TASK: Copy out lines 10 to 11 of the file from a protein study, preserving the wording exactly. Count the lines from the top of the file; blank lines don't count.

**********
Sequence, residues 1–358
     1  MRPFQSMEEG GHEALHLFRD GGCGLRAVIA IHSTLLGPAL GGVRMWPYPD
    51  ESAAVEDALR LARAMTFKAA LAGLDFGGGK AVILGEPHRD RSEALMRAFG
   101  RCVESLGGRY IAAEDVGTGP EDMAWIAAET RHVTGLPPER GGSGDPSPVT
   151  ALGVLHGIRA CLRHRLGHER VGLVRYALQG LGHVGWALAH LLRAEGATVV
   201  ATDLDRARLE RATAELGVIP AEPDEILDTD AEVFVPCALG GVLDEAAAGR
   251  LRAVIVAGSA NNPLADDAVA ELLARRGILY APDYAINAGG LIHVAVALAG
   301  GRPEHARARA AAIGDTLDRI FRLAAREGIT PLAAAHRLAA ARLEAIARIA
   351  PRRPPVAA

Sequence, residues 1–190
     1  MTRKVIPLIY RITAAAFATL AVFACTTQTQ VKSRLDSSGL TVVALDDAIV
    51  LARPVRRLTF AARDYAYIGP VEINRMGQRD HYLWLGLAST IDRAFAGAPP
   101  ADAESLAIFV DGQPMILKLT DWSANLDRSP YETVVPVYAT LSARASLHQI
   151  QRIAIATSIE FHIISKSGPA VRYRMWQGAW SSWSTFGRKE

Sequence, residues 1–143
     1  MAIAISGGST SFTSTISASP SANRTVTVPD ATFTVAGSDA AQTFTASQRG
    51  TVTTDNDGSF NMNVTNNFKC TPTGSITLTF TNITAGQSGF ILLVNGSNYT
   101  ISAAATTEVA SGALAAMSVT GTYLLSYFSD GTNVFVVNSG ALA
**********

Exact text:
Sequence, residues 1–190
     1  MTRKVIPLIY RITAAAFATL AVFACTTQTQ VKSRLDSSGL TVVALDDAIV